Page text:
Successfully reported this slideshow.
We use your LinkedIn profile and activity data to personalize ads and to show you more relevant ads. You can change your ad preferences anytime.

Publication without tears: tips for aspiring authors - Jane Secker & Cathie Jackson


Published on

Published in: Education, Technology
  • Be the first to comment

Publication without tears: tips for aspiring authors - Jane Secker & Cathie Jackson

  1. 1. Publication without tears: tips for aspiring authors Cathie Jackson and Jane Secker Journal of Information Literacy
  2. 2. We plan to look at • Introduction to the Journal of Information Literacy • Where and what to publish • The peer review process • How your paper will be assessed • The publication process • Writing tips
  3. 3. Scope JIL is an international, peer- reviewed journal that aims to investigate information literacy in all its forms to address the interests of diverse IL communities of practice. To this end it publishes articles from both established and new authors in this field. JIL welcomes contributions that push the boundaries of IL beyond the educational setting and examine this phenomenon as a continuum between those involved in its development and delivery and those benefiting from its provision.
  4. 4. 2007 onwards Two issues a year (June, December) Open access journal Free to view and free to publish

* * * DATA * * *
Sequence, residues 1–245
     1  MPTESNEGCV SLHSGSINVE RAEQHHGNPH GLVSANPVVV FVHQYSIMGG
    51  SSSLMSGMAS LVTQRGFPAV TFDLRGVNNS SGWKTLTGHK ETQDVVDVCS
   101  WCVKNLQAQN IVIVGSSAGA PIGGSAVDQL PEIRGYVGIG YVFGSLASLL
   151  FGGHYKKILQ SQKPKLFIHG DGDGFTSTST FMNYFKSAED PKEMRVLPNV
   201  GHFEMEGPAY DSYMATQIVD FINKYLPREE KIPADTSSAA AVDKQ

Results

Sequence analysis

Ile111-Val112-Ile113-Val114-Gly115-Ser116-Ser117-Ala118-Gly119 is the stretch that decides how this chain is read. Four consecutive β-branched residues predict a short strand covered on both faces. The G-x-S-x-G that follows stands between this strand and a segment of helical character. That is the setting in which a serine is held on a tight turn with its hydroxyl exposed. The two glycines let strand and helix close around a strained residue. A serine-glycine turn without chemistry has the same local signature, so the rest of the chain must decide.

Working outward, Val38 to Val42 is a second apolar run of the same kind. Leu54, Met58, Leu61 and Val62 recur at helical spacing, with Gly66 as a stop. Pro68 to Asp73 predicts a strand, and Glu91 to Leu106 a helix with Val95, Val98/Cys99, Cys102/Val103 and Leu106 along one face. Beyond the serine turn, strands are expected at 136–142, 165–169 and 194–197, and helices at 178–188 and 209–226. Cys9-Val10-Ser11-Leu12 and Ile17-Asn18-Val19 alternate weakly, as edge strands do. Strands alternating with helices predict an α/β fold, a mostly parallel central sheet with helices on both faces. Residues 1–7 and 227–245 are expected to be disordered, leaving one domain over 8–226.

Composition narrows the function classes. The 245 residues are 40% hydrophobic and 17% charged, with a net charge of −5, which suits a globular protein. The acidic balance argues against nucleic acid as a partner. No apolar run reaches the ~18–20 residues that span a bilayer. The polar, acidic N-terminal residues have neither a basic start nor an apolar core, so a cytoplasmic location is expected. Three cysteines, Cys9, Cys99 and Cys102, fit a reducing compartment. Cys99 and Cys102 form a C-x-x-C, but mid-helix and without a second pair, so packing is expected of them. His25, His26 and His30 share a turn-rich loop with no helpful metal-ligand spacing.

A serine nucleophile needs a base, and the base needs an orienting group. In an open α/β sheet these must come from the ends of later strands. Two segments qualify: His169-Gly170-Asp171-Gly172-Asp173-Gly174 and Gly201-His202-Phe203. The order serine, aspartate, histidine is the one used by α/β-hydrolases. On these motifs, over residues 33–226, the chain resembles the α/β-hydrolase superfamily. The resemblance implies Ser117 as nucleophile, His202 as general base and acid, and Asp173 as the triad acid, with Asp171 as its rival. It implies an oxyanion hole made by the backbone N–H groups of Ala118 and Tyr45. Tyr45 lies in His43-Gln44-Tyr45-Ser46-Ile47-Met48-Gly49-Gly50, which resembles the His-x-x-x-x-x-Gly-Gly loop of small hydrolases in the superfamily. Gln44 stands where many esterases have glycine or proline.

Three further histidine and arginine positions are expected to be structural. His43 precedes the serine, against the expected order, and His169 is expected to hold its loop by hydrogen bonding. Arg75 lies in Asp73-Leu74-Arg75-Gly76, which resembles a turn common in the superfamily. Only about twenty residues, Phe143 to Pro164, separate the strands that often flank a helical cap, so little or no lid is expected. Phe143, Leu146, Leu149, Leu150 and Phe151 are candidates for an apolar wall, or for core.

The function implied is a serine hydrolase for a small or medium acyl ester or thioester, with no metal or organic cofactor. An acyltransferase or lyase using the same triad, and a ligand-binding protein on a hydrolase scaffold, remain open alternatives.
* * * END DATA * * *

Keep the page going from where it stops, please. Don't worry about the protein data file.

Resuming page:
5. 5. JIL editors Managing Editor: Cathie Jackson Editor-in-Chief: Jane Secker Book review editor: Ian Hunter
  6. 6. Writing for a journal • Read the author guidelines! • Is your topic within scope of the journal? • JIL focuses on information literacy NOT library skills, libraries or teaching in general • Peer-reviewed article or shorter project report? • Read previously published articles in JIL
  7. 7. Articles for peer review: • Need to be original – are you just telling a familiar story? • Refer to the literature and place the work within a wider context • Evidence any claims made • Follow academic convention in structure of the paper • Have been carefully proof-read before submission, especially if English is not your first language • Are anonymised for peer review
  8. 8. Exercise Turning LILAC presentations or project reports into peer-review articles
  9. 9. • Relevance to JIL – within our scope? • Originality and interest to our audience – useful contribution to knowledge or good practice? • Title and abstract – appropriate wording and length and informative? • Methodology – appropriate? • Use of literature and referencing – good analysis of literature? Good referencing or signs of plagiarism? • Clarity of expression and structure – clear exposition of argument? Logical structure? Spell out acronyms, avoid jargon! JIL reviewers’ criteria
  10. 10.  Accept for publication without amendment (almost never!)  Revisions required  Major revisions required followed by peer review  Resubmit elsewhere  Decline submission Peer reviewers recommend: